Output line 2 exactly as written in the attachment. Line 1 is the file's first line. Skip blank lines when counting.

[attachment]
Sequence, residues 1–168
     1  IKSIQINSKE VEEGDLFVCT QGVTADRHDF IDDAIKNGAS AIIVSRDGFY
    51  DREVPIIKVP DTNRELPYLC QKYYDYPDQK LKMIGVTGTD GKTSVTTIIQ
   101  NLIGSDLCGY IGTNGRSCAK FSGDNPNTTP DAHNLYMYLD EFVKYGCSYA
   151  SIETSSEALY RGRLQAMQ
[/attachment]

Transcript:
     1  IKSIQINSKE VEEGDLFVCT QGVTADRHDF IDDAIKNGAS AIIVSRDGFY